Gerry Johansson.


Images courtesy of Gerry Johansson.

In 1993 and 2005 to 2012 Johansson made vast journeys through Germany, visiting 176 different places in which he stopped to make photographs. For him, his interest lies in the relationship between people and the environment, but insists on photographing these places devoid of any human activity. He seeks to find the beauty in the banal, and to subtly comment on places which have a personal interest to him. His imagery is very much in the style of the New Topographic movement, amplified by his decision to work solely in black and white.

He attempts, much like Lee Friedlander did, to flatten perspective and to create compositions that are tonally and visually interesting. His photographs mainly focus on place and aims to communicate a sense of temporality to the viewer. Angles, leading lines and tonal qualities are carefully considered, resulting in work that is visually stunning to look at. His use of wandering and exploration is an admirable quality of this work, and is something that resonates with me. Black and white imagery suggests the “mindful vision of careful listening”, and it is clear that Johansson is a keen observer.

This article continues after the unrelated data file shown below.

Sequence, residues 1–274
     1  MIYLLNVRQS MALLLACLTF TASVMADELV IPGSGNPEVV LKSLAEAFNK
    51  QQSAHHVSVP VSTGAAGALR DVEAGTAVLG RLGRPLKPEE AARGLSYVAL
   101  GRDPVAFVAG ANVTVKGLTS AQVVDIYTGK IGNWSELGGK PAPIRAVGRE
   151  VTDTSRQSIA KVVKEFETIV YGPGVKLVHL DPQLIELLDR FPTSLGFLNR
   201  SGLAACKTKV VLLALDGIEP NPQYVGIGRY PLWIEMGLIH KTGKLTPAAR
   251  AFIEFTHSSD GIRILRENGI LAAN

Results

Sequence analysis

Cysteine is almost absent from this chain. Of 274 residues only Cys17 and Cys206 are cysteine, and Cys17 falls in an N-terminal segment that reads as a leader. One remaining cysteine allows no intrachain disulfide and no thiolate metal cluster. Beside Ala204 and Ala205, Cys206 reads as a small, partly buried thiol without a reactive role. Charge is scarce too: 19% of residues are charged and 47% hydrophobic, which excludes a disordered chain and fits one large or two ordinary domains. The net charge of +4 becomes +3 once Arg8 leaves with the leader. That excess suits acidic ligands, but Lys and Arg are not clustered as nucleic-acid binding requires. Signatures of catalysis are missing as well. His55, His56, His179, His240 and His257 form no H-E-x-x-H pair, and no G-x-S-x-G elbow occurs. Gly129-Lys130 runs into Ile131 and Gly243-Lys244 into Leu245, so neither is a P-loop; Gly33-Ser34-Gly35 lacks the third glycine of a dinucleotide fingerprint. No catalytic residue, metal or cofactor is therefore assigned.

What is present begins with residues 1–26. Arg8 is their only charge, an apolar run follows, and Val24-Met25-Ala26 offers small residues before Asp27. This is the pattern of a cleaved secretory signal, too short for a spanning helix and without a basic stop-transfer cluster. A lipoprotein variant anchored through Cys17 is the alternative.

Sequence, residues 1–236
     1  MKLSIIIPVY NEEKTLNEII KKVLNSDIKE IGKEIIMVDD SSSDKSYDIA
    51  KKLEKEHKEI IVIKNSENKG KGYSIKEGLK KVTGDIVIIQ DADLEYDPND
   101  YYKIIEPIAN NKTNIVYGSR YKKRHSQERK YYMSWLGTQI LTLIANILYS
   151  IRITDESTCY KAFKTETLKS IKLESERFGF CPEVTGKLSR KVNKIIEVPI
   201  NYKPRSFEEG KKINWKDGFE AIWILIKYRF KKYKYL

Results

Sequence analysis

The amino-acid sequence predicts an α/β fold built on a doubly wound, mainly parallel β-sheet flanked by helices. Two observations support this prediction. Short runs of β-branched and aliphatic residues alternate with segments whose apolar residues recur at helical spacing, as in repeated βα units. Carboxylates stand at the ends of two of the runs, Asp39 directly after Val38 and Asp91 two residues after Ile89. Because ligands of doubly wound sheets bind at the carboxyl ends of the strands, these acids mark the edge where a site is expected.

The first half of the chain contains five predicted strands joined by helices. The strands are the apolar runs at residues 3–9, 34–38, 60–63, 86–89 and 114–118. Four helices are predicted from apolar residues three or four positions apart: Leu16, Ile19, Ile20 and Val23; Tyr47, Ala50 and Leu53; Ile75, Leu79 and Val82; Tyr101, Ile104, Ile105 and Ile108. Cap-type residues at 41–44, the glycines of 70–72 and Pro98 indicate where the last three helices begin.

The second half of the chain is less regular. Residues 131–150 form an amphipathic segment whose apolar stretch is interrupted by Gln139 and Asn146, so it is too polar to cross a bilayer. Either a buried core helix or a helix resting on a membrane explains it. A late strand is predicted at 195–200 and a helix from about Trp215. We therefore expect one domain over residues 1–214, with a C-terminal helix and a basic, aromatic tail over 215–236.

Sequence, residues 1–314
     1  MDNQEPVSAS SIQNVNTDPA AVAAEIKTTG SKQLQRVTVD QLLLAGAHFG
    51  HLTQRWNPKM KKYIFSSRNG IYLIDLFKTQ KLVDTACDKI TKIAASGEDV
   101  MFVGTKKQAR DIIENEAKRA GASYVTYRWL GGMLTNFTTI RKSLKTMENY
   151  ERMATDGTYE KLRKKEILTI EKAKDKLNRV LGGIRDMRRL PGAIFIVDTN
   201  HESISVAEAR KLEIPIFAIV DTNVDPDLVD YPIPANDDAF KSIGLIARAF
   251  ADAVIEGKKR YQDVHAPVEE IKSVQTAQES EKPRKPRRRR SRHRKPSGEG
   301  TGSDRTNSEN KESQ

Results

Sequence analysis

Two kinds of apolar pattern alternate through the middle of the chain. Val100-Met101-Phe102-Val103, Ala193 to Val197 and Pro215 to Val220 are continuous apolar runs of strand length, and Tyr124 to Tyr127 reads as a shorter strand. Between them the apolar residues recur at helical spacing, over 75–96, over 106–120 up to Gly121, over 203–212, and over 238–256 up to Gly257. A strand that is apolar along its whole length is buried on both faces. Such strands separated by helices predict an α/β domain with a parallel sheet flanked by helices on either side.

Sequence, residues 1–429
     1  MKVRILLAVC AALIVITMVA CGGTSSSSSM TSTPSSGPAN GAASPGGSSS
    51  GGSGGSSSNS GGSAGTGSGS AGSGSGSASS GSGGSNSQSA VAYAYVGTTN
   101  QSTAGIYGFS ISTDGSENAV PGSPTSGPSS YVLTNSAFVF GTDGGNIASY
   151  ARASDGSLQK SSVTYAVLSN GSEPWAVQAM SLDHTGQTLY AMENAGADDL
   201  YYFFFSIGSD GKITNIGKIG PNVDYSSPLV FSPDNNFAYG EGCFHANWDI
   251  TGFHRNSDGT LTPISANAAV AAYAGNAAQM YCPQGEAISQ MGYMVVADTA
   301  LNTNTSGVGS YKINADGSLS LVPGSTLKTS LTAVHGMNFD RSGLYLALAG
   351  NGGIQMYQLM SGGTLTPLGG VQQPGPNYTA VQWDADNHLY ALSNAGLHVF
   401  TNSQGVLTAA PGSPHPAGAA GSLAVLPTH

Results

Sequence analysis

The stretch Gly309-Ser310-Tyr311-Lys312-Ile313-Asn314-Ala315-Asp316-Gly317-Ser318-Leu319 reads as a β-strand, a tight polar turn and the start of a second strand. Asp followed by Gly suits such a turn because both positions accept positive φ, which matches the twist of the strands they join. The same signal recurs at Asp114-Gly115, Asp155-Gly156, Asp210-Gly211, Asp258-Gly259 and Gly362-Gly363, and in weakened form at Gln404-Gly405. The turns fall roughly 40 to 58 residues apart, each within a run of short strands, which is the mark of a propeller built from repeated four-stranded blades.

Some of his photographs have a quiet awkwardness about them, and possibly suggest an uncertainty with the photographer. He consciously ensures that people are absent from his images, which in an interview with Vice is because he wants to highlight the place that he is capturing. He therefore believes that people would detract from what he is choosing to direct his lens at. When talking to Jörn Colberg from Conscientious Photo Magazine, Johansson states that photography is “very much the art of the subconscious. You have the possibility to react to your feelings instantly and it is very difficult to pinpoint what draws you to certain objects or places.” He is clearly a photographer that finds interest in a variety of things, and prefers to photograph with an instinctive nature.




A Conversation with Gerry Johansson.

Vice Interview.




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